The longer a REIT trades at far below its NAV, the more likely it is to either be snapped up in a merger or taken private, like Brookfield Asset Management is attempting to do for its main property vehicle. One stumbling block for acquisitive private equity investors is that NAV is so difficult to determine. The lack of sales for analysts to form comparisons could translate to NAV being the element that’s due to be corrected.

“If these valuations stick around, you are going to see privatizations, and you’ll see it toward the end of this year,” Crowe said. “You haven’t seen quite enough price discovery in the private markets for those buyers to transact.”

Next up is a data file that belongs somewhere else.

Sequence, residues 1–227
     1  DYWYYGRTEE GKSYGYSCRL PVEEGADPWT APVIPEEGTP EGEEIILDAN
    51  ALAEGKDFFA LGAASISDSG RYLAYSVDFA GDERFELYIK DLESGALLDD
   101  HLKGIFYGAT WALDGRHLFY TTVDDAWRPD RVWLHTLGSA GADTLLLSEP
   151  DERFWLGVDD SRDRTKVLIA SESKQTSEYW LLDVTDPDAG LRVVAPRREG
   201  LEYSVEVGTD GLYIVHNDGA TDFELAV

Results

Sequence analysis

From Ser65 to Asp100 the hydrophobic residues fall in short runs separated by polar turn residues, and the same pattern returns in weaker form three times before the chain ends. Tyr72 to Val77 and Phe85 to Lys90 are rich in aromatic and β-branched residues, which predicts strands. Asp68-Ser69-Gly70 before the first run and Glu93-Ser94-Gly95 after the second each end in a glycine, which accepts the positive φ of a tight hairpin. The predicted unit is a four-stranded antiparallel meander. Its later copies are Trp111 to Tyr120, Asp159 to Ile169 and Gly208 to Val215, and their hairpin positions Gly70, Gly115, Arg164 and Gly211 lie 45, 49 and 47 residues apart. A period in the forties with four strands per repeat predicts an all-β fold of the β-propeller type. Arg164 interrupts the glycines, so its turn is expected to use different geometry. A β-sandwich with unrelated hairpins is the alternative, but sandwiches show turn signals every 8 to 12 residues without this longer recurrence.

Other factors could also be at play, such as the subtype of property that REITs tend to own. Within multifamily, public companies are more likely to hold core urban assets, which are the worst-performing in the sector. Combined with low sales activity, that could explain why residential REITs ended 2020 trading at a 2.4% median discount relative to NAV, according to Seeking Alpha, while the private multifamily market has been strong, Hentschel said.

As the economic picture becomes clearer in the latter part of the year, some distressed-asset sales are likely to occur, and private equity will likely be well-positioned to take advantage, Hentschel and Crowe agreed. But those who have kept powder dry in anticipation of a bonanza might be left disappointed.

“Private equity will come into play here, but I don’t think it will be at the pricing everyone expects,” Silverman said.